Spice up your Valentine’s date this year with an evening that’s a little out of the ordinary.
Candlelit Italian dinners, clinking Cabernets, chocolate-covered strawberries, long walks on the beach…. You get the picture. These are all lovely, romantic Valentine’s dates, albeit a bit clichéd. But here’s the thing: sometimes romance is a tad overrated and innovation is slightly underrated.
If you and your Valentine want to try something different and more spontaneous this year, consider taking a hiatus from Cupid’s typical plans with some of these uncommon Valentine’s dates.
1. Running Just as Fast as We Can
Throw on your jogging suits and begin sprinting as a couple in one direction for as long as you can. Whoever gets tired and gives up first has to pay for a driver to get you both home. And however much the ride costs, the winner gets to buy a gift for themselves for the same amount. Over-the-top adorable couples may want to invest in coordinating workout apparel should this date become an annual favorite.
On a budget? Hitchhike home. Loser gives winner a foot massage, and see where it leads you.
2. Supermarket Sweep
Similar to the 1990s game show, head to the grocery store and set a timer for five minutes. Each person has to plan a meal, grab the ingredients they need and meet at the checkout counter before the timer goes off. Go home and prepare your creative entrées for one another. Offer prizes of your choosing for the tastiest or most creative meal.
On a budget? Do the same sweep out of your freezer and pantry at home. (Note: items such as frozen pizza or ramen do not qualify as innovative dishes.)
3. Doing Good
It has been said that couples who volunteer together grow together. There are countless volunteer opportunities for any interest, from animal shelters to nursing homes to homeless shelters. Additionally, grassroots organizations like Triple Threat Mentoring and Feed My Starving Children make volunteering a blast and could even become a regular activity for the two of you. You could also just do something off the cuff for a neighbor or friend, such as babysit their kids so they can go out. (For couples considering having children, this is a great opportunity to see how your partner interacts with children — or it could serve as birth control. For couples with adult kids of your own, you can enter the nostalgia of days gone by or thank your lucky stars that the nest is empty, depending on how the evening goes!)
On a budget? This one should be free. If you’re paying to volunteer, you might be getting scammed!
4. Competition de Flatulence (Translation: Farting Contest)
There’s nothing like a little healthy competition. Go to a greasy hamburger joint. Eat up. Go home and let ’er rip. You may want to decide ahead of time whether sound or smell merits more points. If this completely repulses you or you’re not a gassy person, then consider other high-intensity competitive sports, such as Skee-Ball or air hockey.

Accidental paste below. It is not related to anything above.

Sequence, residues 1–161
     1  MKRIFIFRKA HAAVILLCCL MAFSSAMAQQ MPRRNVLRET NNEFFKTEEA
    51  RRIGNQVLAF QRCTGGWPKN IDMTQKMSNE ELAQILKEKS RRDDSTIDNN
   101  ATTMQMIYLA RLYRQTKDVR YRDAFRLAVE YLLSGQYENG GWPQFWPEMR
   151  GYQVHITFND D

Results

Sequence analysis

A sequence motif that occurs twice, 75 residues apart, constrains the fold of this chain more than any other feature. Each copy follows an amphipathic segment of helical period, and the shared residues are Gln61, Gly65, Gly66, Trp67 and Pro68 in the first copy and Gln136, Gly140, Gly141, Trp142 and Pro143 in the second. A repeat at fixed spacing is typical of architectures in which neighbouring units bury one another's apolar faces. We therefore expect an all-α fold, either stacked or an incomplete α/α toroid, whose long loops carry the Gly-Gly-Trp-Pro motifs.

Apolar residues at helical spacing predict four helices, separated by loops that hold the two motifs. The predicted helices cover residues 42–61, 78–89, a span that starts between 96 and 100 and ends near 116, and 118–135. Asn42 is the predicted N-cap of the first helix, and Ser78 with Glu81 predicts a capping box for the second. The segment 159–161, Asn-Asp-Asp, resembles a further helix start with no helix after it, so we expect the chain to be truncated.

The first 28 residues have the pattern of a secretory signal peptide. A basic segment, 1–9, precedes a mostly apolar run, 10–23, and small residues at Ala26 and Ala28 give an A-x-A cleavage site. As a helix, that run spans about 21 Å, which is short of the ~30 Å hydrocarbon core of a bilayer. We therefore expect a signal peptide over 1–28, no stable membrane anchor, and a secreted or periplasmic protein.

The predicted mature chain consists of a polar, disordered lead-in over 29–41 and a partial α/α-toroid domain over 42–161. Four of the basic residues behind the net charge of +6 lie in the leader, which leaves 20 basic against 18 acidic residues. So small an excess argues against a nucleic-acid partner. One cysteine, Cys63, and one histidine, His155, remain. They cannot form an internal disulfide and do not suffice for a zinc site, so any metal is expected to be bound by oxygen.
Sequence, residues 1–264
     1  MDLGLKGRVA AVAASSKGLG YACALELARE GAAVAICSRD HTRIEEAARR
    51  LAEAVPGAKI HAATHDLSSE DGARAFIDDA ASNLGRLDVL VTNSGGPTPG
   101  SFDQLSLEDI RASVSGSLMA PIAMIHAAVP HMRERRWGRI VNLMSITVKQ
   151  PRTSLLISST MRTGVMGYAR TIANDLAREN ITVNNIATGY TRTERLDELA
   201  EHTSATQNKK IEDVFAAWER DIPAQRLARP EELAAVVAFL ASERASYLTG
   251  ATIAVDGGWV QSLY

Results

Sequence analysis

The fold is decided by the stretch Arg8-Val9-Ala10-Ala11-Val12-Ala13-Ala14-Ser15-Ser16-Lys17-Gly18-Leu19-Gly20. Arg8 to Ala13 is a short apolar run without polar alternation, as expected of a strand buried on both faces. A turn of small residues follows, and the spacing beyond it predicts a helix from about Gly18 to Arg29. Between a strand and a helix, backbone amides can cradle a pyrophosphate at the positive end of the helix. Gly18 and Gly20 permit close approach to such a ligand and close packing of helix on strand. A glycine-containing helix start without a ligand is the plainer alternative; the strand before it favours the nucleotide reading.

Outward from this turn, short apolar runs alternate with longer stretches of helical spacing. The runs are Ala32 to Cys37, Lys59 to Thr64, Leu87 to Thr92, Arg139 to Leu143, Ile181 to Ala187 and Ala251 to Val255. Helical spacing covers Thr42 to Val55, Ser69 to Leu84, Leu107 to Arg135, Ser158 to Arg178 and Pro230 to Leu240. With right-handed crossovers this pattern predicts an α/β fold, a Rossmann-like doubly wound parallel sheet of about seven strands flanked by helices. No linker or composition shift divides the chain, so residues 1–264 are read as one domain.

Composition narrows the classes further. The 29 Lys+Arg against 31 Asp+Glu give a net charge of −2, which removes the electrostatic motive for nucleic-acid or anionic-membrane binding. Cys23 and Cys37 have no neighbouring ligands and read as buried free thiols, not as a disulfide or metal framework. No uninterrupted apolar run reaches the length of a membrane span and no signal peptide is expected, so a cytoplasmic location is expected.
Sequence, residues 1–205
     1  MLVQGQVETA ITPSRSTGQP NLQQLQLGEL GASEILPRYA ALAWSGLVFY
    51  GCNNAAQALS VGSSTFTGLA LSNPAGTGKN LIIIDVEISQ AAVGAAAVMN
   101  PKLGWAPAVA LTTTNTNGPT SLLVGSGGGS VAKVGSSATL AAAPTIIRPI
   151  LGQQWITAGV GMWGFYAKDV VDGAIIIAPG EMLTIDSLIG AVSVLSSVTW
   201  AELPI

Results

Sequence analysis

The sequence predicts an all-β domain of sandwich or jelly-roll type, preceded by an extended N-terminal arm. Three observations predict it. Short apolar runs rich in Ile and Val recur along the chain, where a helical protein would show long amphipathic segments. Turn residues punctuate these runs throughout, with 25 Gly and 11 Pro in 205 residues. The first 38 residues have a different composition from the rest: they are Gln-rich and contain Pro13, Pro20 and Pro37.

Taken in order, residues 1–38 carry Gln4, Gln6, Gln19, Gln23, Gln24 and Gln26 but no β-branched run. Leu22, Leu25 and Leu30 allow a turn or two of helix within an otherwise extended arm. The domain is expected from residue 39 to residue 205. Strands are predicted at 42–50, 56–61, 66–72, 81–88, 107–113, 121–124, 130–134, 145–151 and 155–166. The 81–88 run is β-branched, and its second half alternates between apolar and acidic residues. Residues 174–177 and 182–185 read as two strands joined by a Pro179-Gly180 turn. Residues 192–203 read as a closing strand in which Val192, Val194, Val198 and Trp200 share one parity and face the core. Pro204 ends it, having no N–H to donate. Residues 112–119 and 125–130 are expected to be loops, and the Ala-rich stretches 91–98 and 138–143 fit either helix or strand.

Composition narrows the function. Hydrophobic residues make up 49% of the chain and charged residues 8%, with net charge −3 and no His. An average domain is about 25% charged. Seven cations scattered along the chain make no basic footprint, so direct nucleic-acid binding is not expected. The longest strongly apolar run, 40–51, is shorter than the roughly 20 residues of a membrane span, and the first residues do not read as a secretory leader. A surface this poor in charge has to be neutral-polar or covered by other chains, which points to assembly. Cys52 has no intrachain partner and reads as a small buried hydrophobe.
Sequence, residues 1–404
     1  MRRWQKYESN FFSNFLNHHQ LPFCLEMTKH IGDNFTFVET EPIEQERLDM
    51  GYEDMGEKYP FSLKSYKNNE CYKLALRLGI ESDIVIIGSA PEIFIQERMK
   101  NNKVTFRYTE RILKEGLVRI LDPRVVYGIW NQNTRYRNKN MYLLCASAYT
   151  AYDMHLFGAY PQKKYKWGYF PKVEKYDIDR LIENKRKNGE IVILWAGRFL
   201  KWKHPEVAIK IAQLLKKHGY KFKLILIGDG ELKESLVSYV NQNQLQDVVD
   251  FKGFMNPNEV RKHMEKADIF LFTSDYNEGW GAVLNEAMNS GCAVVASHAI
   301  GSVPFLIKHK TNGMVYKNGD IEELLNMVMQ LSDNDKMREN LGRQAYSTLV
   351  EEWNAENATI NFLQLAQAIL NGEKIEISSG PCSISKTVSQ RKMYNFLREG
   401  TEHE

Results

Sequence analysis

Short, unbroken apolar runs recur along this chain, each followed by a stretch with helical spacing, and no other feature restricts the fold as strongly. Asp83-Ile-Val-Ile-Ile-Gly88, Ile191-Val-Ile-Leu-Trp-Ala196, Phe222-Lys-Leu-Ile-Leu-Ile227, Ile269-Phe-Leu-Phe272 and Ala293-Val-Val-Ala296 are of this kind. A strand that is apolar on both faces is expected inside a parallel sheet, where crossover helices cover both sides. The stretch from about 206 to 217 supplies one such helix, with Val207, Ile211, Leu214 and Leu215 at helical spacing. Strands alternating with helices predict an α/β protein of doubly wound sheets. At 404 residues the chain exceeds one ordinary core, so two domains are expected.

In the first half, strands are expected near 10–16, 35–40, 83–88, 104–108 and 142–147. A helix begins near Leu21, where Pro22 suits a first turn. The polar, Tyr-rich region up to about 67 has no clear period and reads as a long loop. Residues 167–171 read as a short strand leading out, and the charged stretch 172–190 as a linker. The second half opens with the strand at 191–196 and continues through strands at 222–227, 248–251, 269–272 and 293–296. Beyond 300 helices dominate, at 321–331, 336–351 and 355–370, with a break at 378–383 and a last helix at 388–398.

On a budget? Skip the hamburger joint. Instead purchase two heads of broccoli, eat them as fast as you can, and let the fun begin. Not a fan of farts but can’t afford the arcade? Compete in your living room with the home gaming system or board game of your choice.
Sit at a bustling restaurant, town center, marketplace or mall. Try to guess people’s interactions and conversations from afar based on body language. For couples who’ve been together for a long time, you may be able to read each other’s minds when observing the same scene. For newly partnered pairs, this activity opens your eyes to your date’s insights and outlooks.
On a budget? Pack some snacks and sit on a park bench in a busy area and begin the people-gazing.
6. Horizon Expansion
Studies show that self-expansion is a key aspect of relationship satisfaction. Couples who find one another interesting and challenge one another to new areas of growth report the greatest levels of happiness in their relationships. For those newly dating, these actions can be as small as introducing one another to new friends, watching an interesting show or movie together or sharing new ideas. For mature couples, this could be overcoming longtime fears together, such as bungee jumping, a high ropes course, traveling to exotic places or trying something else you’ve always been nervous to do.
On a budget? Sit down and make a bucket list of large and small milestones you’d like to achieve together, whether traveling or learning a new hobby. Write down a plan including specific action steps to achieve your goals. Even just the act of dreaming about new ventures will be bonding.
No matter what you choose to do, the whole point of a Valentine’s date is to enjoy one another and celebrate your time together as a couple, whether it’s budding love or a life partnership. If none of the ideas above spark your interest, you could, of course, circle back to the candlelit dinner. If you put your creative minds together, you can come up with a twist to make the dinner unique.